Australian rugby shooting itself in the foot
February 14, 2014
Who is the man in the middle, Western Force? © Getty Images
After endless days of being told through the media that Australian rugby, New South Wales rugby, every type of rugby in this part of the world, has gone bung, you expected to be confronted by buskers and beggars at the Super Rugby tournament launch.
Thankfully those Australian rugby officials who have repeatedly provided "blame game" gloom-and-doom stories to the press opted against asking for donations at the mid-week launch. But the media still soon realised the gravy-train days were over. It was now very much no-frills, cutting away the fat and gnawing on a bit of gristle. We kept our hands in our pockets in fear of hearing Brother Can You Spare a Dime over the loudspeakers.
Australian Super Rugby launches not that long ago involved the best function room in town, Las Vegas-style entertainment, fireworks, plenty of whiz-bang, whooping and hollering. It was the moment when Australian rugby officials convinced all they had a product of the highest international quality, deserving of media saturation. This year, television, radio and print types were beckoned to an out-of-the-way Sydney surf life saving club, with some getting lost along the way.
No-one could complain with the fare on offer from the clubbies. The food, hospitality and the ocean view on offer were first-rate. But it wasn't exactly cutting edge, and attendance numbers were dramatically down.
The sombre tone also wasn't helped when one of the five Australian Super Rugby teams wasn't properly represented. On stage, for the Waratahs were Michael Cheika, Dave Dennis and Israel Folau; the Reds Richard Graham and Will Genia; Stephen Larkham and Ben Mowen were there for the Brumbies; as were Tony McGahan and Scott Higginbotham for the Rebels. In the middle of them all was a very tall man in a Western Force jersey. Only a dedicated Force trainspotter would have known who he was.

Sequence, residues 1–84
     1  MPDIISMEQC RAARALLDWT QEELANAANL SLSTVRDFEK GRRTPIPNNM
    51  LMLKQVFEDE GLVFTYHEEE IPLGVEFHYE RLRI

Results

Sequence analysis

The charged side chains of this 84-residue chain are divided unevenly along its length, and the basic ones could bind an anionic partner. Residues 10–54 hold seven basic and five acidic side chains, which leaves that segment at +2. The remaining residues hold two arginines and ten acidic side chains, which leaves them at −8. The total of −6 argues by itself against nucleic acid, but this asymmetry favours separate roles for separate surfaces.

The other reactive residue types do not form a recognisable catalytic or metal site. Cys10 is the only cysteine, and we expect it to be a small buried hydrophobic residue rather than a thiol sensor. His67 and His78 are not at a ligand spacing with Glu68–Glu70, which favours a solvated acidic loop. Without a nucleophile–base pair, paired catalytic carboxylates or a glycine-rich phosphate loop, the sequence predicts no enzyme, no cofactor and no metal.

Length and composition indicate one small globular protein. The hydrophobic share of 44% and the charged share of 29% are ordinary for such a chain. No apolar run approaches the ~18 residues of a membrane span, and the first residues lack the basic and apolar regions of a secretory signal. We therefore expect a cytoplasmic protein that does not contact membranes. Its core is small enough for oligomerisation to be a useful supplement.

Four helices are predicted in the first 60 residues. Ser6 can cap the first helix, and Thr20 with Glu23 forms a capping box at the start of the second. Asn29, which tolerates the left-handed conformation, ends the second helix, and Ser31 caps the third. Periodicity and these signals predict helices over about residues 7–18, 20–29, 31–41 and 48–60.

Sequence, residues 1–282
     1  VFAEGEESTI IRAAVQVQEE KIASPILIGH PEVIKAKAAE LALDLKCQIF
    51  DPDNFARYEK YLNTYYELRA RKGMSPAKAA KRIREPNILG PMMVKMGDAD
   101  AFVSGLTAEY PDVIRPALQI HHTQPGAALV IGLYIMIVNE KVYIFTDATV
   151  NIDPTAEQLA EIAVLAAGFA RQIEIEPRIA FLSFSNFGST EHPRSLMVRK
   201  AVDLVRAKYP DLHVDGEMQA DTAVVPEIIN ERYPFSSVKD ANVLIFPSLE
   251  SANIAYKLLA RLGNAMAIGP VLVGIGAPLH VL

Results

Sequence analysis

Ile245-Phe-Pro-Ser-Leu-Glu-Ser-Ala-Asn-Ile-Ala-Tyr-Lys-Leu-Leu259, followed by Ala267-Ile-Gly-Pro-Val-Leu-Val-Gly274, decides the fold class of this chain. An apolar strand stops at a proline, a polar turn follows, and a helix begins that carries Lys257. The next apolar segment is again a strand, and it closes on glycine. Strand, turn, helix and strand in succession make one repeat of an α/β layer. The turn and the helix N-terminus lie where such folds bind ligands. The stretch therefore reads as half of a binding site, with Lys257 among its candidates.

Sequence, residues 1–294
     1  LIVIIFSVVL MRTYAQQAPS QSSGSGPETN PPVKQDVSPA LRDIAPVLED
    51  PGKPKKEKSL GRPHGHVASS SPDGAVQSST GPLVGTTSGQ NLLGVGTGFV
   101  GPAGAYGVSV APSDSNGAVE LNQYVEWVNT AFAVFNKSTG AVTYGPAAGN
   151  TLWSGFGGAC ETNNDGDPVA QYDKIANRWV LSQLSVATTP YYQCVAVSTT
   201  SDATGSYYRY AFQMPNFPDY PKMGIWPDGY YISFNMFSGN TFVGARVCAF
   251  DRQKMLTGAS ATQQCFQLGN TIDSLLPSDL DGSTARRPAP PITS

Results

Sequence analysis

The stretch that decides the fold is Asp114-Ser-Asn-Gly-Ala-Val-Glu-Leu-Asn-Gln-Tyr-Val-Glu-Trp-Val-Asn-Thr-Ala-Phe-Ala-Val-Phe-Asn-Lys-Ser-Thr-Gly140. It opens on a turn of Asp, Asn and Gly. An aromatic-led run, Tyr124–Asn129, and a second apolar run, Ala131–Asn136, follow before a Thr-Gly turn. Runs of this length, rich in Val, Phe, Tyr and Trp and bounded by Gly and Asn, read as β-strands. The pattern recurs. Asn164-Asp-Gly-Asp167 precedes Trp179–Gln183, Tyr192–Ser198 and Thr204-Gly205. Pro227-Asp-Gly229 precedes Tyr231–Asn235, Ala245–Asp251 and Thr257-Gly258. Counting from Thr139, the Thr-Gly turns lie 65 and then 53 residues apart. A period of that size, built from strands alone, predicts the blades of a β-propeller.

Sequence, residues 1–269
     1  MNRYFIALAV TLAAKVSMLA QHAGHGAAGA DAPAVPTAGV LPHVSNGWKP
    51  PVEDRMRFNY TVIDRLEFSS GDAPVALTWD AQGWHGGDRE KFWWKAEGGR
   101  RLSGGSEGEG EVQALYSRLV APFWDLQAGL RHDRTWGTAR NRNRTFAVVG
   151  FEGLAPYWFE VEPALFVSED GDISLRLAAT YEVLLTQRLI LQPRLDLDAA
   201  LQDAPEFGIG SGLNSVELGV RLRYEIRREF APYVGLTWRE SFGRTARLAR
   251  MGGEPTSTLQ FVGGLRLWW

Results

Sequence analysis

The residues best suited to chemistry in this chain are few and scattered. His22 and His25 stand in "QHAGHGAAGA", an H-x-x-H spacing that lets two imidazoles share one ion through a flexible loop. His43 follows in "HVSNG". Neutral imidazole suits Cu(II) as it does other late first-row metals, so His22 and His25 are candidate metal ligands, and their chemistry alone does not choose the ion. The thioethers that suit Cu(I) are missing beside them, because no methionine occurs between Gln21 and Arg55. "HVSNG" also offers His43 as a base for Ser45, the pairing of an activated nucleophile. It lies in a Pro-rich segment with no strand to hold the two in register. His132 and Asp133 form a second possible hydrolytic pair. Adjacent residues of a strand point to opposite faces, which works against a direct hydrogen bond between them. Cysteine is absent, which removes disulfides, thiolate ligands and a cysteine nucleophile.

Russell Barwick and Greg Growden look at the Australian Super Rugby conference
Greg Clark, the function MC, tried to revive interest by saying the man in the Force jersey had a great story. He was actually from Tasmania. Was he related to Errol Flynn or Merle Oberon, we all wondered? Apparently not, so no media stampede only more puzzled looks. His name? Adam Coleman - one of the new Force breed. Check the official Super Rugby media guide for details. No, he didn't make the cut.
Well where was their coach Michael Foley and leader Matt Hodgson?
Apparently the Force were victims of the "tyranny of distance". Other functions, commitments, trial matches, etc. etc. etc., apparently made it too hard for the Force heavies to get there in time from the other side of the continent. Their media manager got to the launch, as did the main rugby writer from Western Australia, but not the public faces of the Force.
The no show was not a good look, especially at a time when Australian rugby is seriously asking itself whether it warrants five Super Rugby teams when a number of them are either crying poor or relying on the national body for financial support.
In the background at the function, several tournament overseers were muttering about how amateur it all looked, complaining that the Australian Rugby Union should have put more pressure on the Force to have their main men there. This was the tournament shop front window; without the full team representation, it was smeared.
The headlines the following day in the Sydney media?
Nothing rousing there. Instead more trauma and tragedy. The person who should be the code's biggest spruiker was dumping again.
The Daily Telegraph splashed with "We're Flat Broke "with the sub-heading "Rugby boss Pulver warns code must face painful financial measures".
Underneath, ARU boss Bill Pulver provided a gloomy outlook about how cuts, cuts, cuts were required to avoid Australian rugby going into receivership.
Again…. not a good look.
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